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Adam Bede by George Eliot

Not as he'll ate much porridge


"I'll

run to Mother," he said, in a loud whisper. "I'll be back to thee in a minute."

Poor Lisbeth was busy preparing her sons' breakfast, and their porridge was already steaming on the fire. Her kitchen always looked the pink of cleanliness, but this morning she was more than usually bent on making her hearth and breakfast-table look comfortable and inviting.

"The lads 'ull be fine an' hungry," she said, half-aloud, as she stirred the porridge. "It's a good step to Brox'on, an' it's hungry air o'er the hill--wi' that heavy coffin too. Eh! It's heavier now, wi' poor Bob Tholer in't. Howiver, I've made a drap more porridge nor common this mornin'. The feyther 'ull happen come in arter a bit. Not as he'll ate much porridge. He swallers sixpenn'orth o' ale, an' saves a hap'orth o' por-ridge--that's his way o' layin' by money, as I've told him many a time, an' am likely to tell him again afore the day's out. Eh, poor mon, he takes it quiet enough; there's no denyin' that."

But now Lisbeth heard the heavy "thud" of a running footstep on the turf, and, turning quickly towards the door, she saw Adam enter, looking so pale and overwhelmed that she screamed aloud and rushed towards him before he had time to speak.

"Hush, Mother," Adam said, rather hoarsely, "don't be frightened. Father's tumbled into the water. Belike we may bring him round again. Seth and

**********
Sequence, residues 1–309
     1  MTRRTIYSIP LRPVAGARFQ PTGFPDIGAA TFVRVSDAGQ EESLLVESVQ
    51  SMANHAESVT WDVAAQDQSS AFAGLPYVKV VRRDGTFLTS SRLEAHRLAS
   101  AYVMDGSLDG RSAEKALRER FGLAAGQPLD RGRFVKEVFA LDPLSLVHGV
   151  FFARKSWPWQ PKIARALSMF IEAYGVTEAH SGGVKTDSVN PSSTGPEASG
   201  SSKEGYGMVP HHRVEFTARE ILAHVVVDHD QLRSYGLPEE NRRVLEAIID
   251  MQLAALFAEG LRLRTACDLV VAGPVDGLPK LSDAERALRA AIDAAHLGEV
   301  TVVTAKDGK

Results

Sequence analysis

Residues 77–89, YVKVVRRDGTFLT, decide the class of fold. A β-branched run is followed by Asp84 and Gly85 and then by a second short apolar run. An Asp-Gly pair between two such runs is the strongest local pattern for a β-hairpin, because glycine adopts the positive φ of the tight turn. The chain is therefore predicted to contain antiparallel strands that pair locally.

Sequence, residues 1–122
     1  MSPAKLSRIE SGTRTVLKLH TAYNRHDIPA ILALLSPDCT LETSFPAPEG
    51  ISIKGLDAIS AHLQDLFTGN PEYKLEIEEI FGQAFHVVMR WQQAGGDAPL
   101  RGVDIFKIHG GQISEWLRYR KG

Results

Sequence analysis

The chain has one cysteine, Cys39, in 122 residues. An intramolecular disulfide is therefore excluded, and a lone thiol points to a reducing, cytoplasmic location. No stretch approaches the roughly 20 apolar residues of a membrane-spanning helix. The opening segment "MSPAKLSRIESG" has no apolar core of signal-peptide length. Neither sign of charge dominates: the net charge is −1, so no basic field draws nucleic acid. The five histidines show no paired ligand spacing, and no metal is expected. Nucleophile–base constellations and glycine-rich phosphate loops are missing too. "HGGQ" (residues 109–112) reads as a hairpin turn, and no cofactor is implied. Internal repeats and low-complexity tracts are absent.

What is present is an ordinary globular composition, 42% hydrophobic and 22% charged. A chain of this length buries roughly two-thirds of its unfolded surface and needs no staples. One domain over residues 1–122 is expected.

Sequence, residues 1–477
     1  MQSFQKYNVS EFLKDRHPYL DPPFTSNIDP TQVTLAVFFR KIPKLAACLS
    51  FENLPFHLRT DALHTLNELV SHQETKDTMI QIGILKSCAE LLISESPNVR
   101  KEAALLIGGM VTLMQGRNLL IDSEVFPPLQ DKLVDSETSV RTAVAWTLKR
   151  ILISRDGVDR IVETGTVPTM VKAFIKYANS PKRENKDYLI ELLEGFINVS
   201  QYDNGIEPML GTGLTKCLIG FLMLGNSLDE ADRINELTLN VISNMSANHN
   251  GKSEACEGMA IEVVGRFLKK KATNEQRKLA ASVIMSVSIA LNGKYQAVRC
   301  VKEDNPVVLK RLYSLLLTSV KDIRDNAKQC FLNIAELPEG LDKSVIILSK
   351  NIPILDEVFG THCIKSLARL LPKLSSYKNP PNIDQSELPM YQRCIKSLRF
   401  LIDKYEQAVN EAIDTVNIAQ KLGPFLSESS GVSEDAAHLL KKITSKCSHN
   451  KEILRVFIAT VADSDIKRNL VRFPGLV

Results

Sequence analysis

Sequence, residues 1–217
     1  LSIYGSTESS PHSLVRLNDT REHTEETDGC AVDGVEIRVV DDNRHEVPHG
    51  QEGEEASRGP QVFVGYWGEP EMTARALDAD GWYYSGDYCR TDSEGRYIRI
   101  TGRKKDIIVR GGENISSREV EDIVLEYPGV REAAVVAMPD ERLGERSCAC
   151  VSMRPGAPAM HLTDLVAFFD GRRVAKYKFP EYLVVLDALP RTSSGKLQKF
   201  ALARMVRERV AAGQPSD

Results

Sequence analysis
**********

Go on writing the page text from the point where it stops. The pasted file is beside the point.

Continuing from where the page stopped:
me are going to carry him in. Get a blanket and make it hot as the fire."

In reality Adam was convinced that his father was dead but he knew there was no other way of repressing his mother's impetuous wailing grief than by occupying her with some active task which had hope in it.

He ran back to Seth, and the two sons lifted the sad burden in heart-stricken silence. The wide-open glazed eyes were grey, like Seth's, and had once looked with mild pride on the boys before whom Thias had lived to hang his head in shame. Seth's chief feeling was awe and distress at this sudden snatching away of his father's soul; but Adam's mind rushed back over the past in a flood of relenting and pity. When death, the great Reconciler, has come, it is never our tenderness that we repent of, but our severity.

Chapter V

The Rector

BEFORE twelve o'clock there had been some heavy storms of rain, and the water lay in deep gutters on the sides of the gravel walks in the garden of Broxton Parsonage; the great Provence roses had been cruelly tossed by the wind and beaten by the rain, and all the delicate-stemmed border flowers had been dashed down and stained with the wet soil. A melancholy morning--because it was nearly time hay-harvest should begin, and instead of that the meadows were likely to be flooded.

But people who have pleasant homes get indoor enjoyments that they would never think of but for the rain. If it had not been a wet morning, Mr. Irwine would not have been in the dining-room playing at chess with his mother, and he loves both his mother and chess quite well enough to pass some cloudy hours very easily by their help. Let me take you into that dining-room and show you the Rev. Adolphus Irwine, Rector of Broxton, Vicar of Hayslope, and Vicar of Blythe, a pluralist at whom the severest Church reformer would have found it difficult to look sour. We will enter very softly and stand still in the open doorway, without awaking the glossy-brown setter who is stretched across the hearth, with her two puppies beside her; or the pug, who is dozing, with his black muzzle aloft, like a sleepy president.


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